To paraphrase the old National Lampoon gag about pain, “Cake” hurts.
But what hurt Jennifer Aniston’s chances at an Oscar nomination could be the paint by numbers nature of the piece. When we meet her she is physically and emotionally crippled and eating Percodan like Pez. She is self-medicating after a tragic traffic accident that left her in constant pain.
But her real problem is the emotional trauma she must overcome in order to turn the page on her life.
It’s a poignant theme that here moves through a cascade of predictable set pieces – group therapy, lying to doctors, overdose – on its way to a kites, wind chimes and birthday cake resolution.
She has encounters with the ex (Chris Messina) who still loves her and the husband (Sam Worthington) of a friend (Anna Kendrick) who committed suicide as well as conversations with the friend’s ghost.
The only constant in her life is the Mexican housekeeper, played by Adrianna Barraza, who knows of her loss, drives her everywhere and is her caretaker and caregiver. Mamie Gummer, Felicity Huffman and William H. Macy fill out the indie film’s dance card.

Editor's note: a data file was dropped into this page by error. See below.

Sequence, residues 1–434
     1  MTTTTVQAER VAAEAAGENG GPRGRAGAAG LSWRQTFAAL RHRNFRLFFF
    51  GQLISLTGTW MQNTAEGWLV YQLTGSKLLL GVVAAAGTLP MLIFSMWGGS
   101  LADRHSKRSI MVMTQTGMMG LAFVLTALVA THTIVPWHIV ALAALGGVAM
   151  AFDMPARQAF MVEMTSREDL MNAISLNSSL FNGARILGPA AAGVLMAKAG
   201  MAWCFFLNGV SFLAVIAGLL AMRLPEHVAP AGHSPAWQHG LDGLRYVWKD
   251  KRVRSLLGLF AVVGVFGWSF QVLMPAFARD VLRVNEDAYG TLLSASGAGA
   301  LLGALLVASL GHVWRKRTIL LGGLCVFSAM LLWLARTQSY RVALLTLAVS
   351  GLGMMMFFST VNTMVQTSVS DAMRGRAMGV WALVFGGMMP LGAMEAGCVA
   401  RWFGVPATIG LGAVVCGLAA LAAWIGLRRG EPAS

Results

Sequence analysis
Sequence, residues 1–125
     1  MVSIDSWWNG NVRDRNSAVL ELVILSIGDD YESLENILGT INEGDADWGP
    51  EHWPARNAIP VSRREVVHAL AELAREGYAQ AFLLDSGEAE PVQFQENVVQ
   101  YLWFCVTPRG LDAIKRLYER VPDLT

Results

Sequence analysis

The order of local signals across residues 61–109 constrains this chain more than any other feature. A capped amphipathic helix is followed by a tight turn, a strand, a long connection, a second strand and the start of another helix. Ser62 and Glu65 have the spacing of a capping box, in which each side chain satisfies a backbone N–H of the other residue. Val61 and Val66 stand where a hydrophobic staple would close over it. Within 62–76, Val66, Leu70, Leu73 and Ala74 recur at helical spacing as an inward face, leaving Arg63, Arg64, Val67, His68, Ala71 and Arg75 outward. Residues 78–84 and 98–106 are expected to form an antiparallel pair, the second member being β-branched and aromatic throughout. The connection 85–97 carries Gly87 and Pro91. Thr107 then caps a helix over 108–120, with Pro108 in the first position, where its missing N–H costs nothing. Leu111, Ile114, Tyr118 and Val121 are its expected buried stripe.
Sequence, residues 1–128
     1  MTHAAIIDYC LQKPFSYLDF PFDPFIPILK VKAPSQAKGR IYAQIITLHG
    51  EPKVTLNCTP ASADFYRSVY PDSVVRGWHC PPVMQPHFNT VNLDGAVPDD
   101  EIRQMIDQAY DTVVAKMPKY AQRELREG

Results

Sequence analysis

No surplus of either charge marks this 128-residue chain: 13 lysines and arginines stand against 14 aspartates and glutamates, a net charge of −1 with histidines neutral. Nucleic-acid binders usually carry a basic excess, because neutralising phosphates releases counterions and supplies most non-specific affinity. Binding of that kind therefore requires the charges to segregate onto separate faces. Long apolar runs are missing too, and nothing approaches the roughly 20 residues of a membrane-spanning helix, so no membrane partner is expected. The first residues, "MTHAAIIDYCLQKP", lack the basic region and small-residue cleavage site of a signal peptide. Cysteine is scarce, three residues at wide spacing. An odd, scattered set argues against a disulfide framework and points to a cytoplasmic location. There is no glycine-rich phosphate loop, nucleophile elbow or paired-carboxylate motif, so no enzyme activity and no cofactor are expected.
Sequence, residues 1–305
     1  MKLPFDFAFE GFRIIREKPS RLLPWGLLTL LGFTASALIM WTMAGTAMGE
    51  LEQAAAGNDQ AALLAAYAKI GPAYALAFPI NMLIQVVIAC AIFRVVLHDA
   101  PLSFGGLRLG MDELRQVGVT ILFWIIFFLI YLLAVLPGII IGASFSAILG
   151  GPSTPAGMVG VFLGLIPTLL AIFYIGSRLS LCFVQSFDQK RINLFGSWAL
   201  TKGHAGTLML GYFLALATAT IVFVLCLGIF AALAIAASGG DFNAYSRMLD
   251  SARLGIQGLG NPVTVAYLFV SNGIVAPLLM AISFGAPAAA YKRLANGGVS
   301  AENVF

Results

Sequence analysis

A gritty Anniston gamely plays against type, complete with scars on her face and a waxy complexion, wincing in pain and squinting in confusion. No wonder she had visions of an Oscar nod.
It’s the sort of role that earned Charlize Theron the award for Monster.
It’s not all for naught, just painfully familiar.
Two and one half stars **1/2
With Jennifer Aniston, Adrian Barraza, Anna Kendrick, Sam Worthington, Mamie Gummer, Felicity Huffman, William H. Macy, Chris Messina, Lucy Punch. Produced by Ben Barnz, Mark Canton, Kristin Hahn, Courtney Solomon. Written by Patrick Tobin. Directed by Daniel Barnz. Rated R for language, substance abuse and sex. Approximate running time 102 minutes.Posted by